Task-invoked pupillary response
Task-invoked pupillary response (also known as the "Task-Evoked pupillary response") is a pupillary response caused by a cognitive load imposed on a human and as a result of the decrease in parasympathetic activity in the peripheral nervous system. It is found to result in a linear increase in pupil dilation as the demand a task places on the working memory increases. Beatty evaluated task-invoked pupillary response in different tasks for short-term memory, language processing, reasoning, perception, sustained attention and selective attention and found that it fulfils Kahneman’s three criteria for indicating processing load. That is, it can reflect differences in processing load within a task, between different tasks and between individuals. It is used as an indicator of cognitive load levels in psychophysiology research.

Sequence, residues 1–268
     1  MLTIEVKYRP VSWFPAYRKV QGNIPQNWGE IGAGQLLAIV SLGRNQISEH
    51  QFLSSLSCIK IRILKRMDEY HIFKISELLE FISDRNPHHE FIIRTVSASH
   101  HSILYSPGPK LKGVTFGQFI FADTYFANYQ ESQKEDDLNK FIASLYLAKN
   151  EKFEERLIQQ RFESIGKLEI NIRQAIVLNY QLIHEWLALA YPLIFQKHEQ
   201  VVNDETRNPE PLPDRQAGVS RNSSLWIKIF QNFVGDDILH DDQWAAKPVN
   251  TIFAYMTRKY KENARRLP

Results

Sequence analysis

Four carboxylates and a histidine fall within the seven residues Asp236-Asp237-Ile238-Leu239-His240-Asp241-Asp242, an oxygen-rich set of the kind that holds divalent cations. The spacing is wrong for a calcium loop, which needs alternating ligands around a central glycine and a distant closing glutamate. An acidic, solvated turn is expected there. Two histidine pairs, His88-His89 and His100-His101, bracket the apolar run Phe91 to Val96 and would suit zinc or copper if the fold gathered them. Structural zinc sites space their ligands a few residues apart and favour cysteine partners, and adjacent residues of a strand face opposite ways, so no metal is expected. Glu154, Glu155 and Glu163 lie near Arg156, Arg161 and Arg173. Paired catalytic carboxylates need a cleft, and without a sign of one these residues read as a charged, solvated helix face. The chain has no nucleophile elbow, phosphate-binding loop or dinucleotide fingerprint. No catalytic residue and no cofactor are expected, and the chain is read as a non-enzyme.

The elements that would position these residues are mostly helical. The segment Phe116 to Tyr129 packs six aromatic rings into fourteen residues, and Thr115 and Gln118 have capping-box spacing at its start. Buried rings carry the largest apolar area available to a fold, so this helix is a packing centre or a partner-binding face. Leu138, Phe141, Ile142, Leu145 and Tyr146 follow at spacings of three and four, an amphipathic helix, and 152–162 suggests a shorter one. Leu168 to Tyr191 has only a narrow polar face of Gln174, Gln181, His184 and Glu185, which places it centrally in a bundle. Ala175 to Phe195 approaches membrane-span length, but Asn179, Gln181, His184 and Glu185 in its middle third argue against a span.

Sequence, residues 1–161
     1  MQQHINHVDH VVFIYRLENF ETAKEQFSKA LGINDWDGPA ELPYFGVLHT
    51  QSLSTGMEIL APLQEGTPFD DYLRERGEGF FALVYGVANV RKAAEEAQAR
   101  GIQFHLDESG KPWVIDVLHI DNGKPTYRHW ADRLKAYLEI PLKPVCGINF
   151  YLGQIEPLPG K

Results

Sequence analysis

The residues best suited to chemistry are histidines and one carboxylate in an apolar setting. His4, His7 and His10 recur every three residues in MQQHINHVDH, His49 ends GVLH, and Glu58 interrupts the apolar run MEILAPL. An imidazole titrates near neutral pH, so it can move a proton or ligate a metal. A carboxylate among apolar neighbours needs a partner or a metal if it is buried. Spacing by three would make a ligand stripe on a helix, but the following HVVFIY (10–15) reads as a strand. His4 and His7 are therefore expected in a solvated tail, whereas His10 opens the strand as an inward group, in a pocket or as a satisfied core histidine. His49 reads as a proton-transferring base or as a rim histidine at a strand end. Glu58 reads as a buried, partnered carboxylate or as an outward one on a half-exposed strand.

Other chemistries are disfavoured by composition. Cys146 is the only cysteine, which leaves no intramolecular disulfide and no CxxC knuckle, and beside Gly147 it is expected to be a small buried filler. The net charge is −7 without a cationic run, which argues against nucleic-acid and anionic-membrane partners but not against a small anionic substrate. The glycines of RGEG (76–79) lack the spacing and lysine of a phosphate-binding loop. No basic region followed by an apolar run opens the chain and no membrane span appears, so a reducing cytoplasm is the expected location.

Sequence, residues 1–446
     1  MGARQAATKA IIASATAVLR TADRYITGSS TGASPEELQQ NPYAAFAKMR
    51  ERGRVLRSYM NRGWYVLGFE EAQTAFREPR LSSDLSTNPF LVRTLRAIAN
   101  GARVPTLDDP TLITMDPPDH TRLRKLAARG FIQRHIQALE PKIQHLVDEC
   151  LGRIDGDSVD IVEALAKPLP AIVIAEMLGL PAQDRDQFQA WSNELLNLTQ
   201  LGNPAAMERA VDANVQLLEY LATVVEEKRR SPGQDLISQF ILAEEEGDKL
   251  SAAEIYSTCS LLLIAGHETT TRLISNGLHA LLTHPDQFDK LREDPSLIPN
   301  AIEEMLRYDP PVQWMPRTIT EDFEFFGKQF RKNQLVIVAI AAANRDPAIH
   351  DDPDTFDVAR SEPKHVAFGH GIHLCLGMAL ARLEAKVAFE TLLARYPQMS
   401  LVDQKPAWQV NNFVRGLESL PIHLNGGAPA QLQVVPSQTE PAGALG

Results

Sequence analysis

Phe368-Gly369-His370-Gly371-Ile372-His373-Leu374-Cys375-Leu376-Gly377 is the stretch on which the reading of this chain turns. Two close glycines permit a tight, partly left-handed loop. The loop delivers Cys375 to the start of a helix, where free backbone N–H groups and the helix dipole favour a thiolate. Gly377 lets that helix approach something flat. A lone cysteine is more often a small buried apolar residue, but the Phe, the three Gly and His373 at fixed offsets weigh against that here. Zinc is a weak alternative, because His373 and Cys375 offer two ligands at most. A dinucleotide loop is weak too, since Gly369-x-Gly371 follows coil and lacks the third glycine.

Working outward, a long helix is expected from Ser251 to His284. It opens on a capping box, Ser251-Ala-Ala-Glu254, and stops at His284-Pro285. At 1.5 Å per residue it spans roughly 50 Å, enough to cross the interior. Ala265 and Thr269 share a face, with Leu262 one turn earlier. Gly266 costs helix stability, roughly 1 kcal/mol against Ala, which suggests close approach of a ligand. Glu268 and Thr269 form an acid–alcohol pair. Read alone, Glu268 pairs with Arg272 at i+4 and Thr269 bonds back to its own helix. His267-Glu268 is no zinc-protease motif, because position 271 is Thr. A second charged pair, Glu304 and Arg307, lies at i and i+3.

- Kramer, A. F., 1991. Physiological metrics of mental workload: A review of recent progress. In: Damos, D. L. (ed.) Multiple-task Performance. London: Taylor & Francis Ltd.
- Beatty, J., 1982, Task-evoked pupillary responses, processing load, and the structure of processing resources. Psychological Bulletin, 91, 276-292.
- Kahneman, D., 1973, Attention and effort, Englewood Cliffs, N. J., Prentice-hall.
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